Wednesday, 2 May 2012

The Star Thrower - Guest slot, Diz Minnitt, Operational Manager, Milton Keynes Youth Offending Team

“A man was walking along the beach when he saw a girl picking up starfish and carefully throwing them into the sea. He called to her ‘Why are you throwing starfish into the sea?’. The girl paused and said ‘The tide is going out; if I don't throw them in they'll die.’ The man said ‘But there are miles and miles of beach and starfish all along it. You can't possibly make a difference!’

The girl listened politely, bent down, picked up another starfish and threw it into the sea, beyond the breaking waves. "It made a difference for that one!"

David felt like a permanent fixture in Court. By December 2010 he had been sentenced 13 times for 38 offences including burglary.

He had a diagnosis of Conduct Disorder and struggled in or truanted from his numerous schools despite a Statement of SEN. He had not had a speech and language therapy assessment so in 2009 the Youth Offending Team (YOT) arranged one. It identified David’s ‘severe language and comprehension difficulties’, particularly his inability to understand and use verbal information (essential for consequential thinking skills) which was at the level of a six year old.

Everything changed, the YOT worked differently with David and he made progress. The SLT Assessment was shared with his college, support was put in place, and David started and stayed on a motor mechanics course. His offending reduced so by Spring 2011 he had completed all his Court Orders.

However, David still had to appear in a Crown Court Trial for a burglary offence he had committed when he was fifteen years old. The defence solicitor was granted the use of an Intermediary to support David in the Trial.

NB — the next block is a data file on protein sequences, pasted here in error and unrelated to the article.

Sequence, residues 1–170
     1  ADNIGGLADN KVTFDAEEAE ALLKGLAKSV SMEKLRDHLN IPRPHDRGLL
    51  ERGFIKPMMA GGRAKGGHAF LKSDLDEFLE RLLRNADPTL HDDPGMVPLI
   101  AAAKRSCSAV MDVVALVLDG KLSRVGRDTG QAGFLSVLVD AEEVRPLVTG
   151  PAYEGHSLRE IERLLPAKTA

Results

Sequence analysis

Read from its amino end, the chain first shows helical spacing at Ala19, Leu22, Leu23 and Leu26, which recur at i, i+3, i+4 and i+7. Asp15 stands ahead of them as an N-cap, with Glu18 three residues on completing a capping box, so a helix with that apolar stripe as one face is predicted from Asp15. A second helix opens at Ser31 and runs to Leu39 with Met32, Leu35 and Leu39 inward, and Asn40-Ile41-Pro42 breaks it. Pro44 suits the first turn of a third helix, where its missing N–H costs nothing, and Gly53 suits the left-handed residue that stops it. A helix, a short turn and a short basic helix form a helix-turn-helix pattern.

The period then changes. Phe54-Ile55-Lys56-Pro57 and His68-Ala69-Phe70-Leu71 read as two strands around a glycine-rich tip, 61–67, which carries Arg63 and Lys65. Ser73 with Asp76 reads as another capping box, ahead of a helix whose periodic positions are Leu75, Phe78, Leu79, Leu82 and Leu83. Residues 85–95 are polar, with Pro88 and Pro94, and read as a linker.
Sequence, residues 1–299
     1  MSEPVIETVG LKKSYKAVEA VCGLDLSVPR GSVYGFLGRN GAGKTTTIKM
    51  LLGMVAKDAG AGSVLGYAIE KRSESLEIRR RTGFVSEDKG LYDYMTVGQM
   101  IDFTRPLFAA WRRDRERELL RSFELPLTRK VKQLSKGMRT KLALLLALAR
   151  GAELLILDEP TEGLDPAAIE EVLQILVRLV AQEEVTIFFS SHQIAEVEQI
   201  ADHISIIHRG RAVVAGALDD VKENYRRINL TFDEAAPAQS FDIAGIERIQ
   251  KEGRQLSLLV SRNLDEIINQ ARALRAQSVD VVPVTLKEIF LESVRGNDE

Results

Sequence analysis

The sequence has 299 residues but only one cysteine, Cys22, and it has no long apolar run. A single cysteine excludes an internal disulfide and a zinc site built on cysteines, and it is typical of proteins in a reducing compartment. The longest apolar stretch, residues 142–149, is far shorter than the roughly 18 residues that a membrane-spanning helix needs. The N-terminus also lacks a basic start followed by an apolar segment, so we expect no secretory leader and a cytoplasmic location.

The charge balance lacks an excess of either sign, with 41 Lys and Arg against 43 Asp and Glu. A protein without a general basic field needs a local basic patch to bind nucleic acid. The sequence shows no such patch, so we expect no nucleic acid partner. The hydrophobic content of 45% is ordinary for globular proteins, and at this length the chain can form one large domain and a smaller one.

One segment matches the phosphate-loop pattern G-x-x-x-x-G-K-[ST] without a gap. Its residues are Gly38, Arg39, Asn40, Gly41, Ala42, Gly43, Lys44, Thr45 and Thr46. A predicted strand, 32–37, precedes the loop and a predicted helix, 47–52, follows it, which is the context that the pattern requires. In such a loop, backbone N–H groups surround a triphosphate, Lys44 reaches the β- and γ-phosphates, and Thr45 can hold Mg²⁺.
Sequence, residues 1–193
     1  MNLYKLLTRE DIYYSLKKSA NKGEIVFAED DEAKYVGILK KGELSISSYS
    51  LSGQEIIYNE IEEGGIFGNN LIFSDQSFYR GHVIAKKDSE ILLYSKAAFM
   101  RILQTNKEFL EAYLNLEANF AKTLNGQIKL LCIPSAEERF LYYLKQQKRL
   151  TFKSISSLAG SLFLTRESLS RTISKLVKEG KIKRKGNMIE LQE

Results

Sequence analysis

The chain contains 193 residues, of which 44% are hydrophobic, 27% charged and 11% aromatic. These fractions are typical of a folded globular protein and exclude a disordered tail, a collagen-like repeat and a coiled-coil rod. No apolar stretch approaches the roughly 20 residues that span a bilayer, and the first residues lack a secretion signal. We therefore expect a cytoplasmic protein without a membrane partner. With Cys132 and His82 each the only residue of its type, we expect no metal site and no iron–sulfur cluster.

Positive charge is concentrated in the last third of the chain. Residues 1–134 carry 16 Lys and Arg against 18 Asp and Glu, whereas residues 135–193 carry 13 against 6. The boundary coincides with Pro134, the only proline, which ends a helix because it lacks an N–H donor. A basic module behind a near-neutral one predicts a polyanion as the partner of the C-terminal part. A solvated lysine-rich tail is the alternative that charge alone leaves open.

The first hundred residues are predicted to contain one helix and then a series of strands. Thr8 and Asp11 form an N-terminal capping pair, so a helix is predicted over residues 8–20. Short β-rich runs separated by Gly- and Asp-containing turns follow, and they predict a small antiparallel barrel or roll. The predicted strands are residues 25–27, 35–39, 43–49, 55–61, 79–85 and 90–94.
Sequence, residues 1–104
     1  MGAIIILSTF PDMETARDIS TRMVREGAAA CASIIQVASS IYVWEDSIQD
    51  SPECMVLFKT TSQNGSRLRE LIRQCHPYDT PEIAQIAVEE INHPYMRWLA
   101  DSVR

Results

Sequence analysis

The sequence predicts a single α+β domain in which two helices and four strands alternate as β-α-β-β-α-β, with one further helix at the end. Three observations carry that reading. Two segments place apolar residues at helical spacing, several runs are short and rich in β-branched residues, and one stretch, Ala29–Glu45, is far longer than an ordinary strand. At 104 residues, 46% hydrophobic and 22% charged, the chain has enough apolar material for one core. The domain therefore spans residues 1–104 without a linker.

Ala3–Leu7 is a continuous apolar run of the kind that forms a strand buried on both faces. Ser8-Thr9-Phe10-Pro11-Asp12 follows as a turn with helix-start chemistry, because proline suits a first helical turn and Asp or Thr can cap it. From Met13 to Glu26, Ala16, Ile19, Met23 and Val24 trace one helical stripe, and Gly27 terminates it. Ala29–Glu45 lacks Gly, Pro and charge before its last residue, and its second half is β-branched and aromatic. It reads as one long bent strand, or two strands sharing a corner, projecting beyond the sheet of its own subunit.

David was found guilty and the Judge directed that the Pre-Sentence Report (PSR) should address a custodial sentence of between 18 months and 4 years as the ‘only option’. However, the PSR included full details of the SLT Assessment and proposed to the Court a community sentence. This was the lynchpin in determining David’s immediate future.
David was sentenced to a community sentence of an 18-month Youth Rehabilitation Order allowing the effective work with him to continue, and he has fully complied. With the exception of a minor offence of possession of cannabis for which he received a Conditional Discharge David has not offended since December 2010.

The Speech and Language Assessment provided a turning point. David’s complex needs were recognised and better understood and the work to help him change his behaviour became effective. This change of approach by the YOT and education staff helped him to make the important move away from a pattern of persistent reoffending with its associated cost to the community and impact on victims, into training with the real potential for employment and a more positive offence-free future. Whilst locking David up would have been a defensible option given his history of offending, I am in little doubt, and the statistics bear this out, that the longer term financial cost and human cost to future victims would have far outweighed any short term gains.

It made a difference for that one.

Diz Minnitt is Operational Manager Milton Keynes Youth Offending Team (YOT)
Association of YOT Managers Speech and Language Lead

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